The State of DC Public Schools Transparency
Even though school is out, and thoughts are probably turning to swimming and summer camp, there’s news about what’s happening in our public schools. Chancellor Kaya Henderson is wrapping up a series of “State of the Schools” meetings across the city, meant to create dialogue between community members, school leaders, and DCPS officials. The events also give the Chancellor an opportunity discuss her new five-year strategic plan, A Capital Commitment, and highlight a few neighborhood schools that won “Proving What’s Possible” grants this summer. DCFPI attended the Ward 1 meeting held this Tuesday.
So what can DC residents glean from the State of the Schools meetings? Often when DCFPI talks about the need for more budget transparency, it can seem like a vague concept. But two examples of how transparency could help folks better understand DCPS decisions came up during Tuesday’s question-and-answer session.
One question was about the schools that eliminated librarian positions for the upcoming school year. Individual schools cut about 29 librarian staff positions from the fiscal year 2013 budget, due to a DCPS decision to reduce funding allocations to smaller schools for librarians, leaving a total of 57 schools without a librarian. When asked about these staff cuts, Chancellor Henderson referred to the collective bargaining agreement with the Washington Teachers Union. It allows these librarians to work at DCPS one more year in another position if they received an “effective” or “highly effective” rating on their evaluations, among other conditions. The loss of librarians is a great concern to many parents and advocates, and it is unclear why DCPS would choose to put a high-performing librarian in another position.
Another issue is cuts to afterschool programs. Chancellor Henderson hinted that DCPS has located some new funding sources to supplement aftercare services — after such services were cut earlier this year — and will make a detailed announcement in the next few weeks. Right now, it is unclear the source of this new funding. We hope the Chancellor will give a detailed answer soon.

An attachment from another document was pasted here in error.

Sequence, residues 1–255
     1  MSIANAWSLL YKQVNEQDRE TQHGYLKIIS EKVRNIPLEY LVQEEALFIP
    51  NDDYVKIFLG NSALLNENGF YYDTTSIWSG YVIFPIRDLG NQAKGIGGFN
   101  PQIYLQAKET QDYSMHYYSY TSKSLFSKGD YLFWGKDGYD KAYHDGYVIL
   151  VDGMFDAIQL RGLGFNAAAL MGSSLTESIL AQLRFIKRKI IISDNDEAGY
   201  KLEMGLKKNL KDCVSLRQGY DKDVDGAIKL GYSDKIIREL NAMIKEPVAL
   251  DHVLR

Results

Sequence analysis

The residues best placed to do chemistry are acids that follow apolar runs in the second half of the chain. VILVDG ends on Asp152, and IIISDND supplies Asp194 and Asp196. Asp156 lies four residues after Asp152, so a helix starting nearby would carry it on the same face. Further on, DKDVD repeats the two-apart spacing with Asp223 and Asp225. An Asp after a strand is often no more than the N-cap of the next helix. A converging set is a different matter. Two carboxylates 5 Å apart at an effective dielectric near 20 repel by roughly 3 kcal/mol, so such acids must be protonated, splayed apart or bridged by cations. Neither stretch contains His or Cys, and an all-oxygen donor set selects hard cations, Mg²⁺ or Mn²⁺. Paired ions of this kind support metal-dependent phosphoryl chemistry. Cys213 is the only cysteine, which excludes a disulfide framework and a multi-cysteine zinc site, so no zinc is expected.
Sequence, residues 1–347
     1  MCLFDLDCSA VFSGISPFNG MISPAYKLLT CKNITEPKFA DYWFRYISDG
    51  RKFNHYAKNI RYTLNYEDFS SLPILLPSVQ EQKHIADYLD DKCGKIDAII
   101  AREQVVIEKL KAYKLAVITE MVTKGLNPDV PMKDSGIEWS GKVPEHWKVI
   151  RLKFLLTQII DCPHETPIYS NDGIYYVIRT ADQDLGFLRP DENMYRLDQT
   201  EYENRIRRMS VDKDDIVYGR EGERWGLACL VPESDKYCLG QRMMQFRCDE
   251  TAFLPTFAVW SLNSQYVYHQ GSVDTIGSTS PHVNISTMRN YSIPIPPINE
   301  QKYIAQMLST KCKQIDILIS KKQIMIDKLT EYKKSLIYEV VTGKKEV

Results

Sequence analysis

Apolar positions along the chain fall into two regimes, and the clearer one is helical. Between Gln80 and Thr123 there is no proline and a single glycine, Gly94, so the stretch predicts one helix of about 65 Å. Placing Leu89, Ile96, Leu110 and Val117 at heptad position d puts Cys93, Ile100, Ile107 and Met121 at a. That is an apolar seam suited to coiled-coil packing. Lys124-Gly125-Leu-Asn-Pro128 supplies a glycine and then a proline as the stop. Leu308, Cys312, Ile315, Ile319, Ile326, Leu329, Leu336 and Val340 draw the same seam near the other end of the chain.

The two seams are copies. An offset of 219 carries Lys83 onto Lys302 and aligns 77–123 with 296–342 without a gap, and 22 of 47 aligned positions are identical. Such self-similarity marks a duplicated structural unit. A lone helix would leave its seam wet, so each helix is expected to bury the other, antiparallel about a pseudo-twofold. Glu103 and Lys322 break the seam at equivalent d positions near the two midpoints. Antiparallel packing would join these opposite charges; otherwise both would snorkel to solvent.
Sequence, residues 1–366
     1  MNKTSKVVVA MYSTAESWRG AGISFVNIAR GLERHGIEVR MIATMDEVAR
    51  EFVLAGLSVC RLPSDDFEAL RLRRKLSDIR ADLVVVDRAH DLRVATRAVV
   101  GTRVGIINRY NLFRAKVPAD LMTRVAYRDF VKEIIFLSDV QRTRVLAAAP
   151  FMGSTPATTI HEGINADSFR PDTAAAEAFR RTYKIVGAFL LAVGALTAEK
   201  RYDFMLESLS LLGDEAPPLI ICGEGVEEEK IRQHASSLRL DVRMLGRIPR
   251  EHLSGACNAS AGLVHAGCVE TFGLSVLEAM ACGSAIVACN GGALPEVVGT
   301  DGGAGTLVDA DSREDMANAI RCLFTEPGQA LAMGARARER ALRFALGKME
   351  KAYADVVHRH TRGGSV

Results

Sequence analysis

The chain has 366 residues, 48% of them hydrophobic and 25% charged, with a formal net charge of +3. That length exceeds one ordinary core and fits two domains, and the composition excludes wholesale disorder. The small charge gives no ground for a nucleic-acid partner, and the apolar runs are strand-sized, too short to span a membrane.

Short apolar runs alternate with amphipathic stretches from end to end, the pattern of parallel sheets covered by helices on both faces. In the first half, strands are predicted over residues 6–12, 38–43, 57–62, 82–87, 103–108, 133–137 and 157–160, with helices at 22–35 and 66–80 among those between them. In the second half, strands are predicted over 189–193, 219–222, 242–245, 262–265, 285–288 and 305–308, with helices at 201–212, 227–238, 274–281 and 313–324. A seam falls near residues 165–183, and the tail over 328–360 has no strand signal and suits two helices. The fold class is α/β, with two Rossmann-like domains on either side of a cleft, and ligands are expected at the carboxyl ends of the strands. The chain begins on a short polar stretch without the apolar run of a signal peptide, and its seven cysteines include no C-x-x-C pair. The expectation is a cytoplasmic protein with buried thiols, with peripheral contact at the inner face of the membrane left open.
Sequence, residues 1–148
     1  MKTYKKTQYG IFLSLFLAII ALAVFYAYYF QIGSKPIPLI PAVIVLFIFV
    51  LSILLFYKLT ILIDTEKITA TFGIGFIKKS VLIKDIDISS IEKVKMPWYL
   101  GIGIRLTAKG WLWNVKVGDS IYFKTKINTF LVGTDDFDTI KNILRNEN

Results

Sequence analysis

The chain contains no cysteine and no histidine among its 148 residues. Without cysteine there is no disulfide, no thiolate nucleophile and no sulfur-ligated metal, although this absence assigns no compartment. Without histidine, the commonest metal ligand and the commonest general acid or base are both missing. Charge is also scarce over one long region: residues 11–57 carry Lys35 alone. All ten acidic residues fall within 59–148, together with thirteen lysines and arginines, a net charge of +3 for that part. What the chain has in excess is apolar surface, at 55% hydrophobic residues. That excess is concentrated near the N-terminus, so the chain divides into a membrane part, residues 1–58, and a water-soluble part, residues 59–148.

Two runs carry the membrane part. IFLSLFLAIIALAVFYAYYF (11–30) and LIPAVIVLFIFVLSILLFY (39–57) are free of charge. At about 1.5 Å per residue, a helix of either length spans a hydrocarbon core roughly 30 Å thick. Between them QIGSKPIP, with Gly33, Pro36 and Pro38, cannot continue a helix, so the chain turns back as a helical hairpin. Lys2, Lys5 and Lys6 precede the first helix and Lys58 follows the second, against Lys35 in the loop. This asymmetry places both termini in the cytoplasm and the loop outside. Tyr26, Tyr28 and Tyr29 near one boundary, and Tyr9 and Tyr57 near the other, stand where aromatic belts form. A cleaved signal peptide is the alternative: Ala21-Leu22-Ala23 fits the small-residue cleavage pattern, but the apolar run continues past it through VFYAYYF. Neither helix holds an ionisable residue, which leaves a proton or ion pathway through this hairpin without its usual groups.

Both of these examples highlight the importance for DC residents to have access to a common-sense education budget and understand the rationale behind funding decisions in their schools. If retaining quality staff is important for DCPS, the cuts to highly effective staff do not seem to make sense. Similarly, if there are funds available to supplement some programs even before the school year begins, the public should be able to see where the resources are coming from.
On another note, with many residents concerned about the school closure announcement expected sometime in late 2012, it will be important to participate in the upcoming community conversations being held by the Office of the Deputy Mayor for Education. These meetings will inform a list of recommendations to DCPS and the Public Charter School Board on how to improve school quality across the city. Please see below for a partial list of meeting dates; more information will be posted on the DME website: http://dme.dc.gov/DC/DME/.
- Ward 1: Thursday July 26th, 6-9pm at CentroNía, 2900 14th St. NW
- Ward 4: Saturday August 18th, 10am-2pm at Emery Rec Center, 5701 Georgia Ave. NW (Location awaiting confirmation)
- Ward 5: Tuesday July 31st, 6:30 – 9pm at St. Catherine’s Hall (Location awaiting confirmation)
- Ward 7: Saturday August 11th, 10am – 2pm at HD Woodson High School, 540 55th St. NE
- Ward 8: TBA